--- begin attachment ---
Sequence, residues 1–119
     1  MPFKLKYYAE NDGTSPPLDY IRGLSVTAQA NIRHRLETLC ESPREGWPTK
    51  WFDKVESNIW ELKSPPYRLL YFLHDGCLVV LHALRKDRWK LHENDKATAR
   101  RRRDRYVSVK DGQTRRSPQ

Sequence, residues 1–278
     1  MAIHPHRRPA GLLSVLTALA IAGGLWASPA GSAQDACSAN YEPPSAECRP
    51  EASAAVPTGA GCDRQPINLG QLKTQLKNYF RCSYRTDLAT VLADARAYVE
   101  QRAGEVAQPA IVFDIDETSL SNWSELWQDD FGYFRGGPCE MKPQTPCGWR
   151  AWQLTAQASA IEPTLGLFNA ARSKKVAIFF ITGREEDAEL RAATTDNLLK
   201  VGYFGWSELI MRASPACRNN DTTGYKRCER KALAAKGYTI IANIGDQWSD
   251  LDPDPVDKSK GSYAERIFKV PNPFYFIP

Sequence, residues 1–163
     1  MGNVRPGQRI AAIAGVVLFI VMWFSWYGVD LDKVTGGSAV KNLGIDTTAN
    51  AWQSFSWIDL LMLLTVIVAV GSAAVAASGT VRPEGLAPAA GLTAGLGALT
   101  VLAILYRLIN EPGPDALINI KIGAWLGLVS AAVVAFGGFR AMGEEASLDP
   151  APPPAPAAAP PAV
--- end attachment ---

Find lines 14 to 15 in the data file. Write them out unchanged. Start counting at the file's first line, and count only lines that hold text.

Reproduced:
    51  AWQSFSWIDL LMLLTVIVAV GSAAVAASGT VRPEGLAPAA GLTAGLGALT
   101  VLAILYRLIN EPGPDALINI KIGAWLGLVS AAVVAFGGFR AMGEEASLDP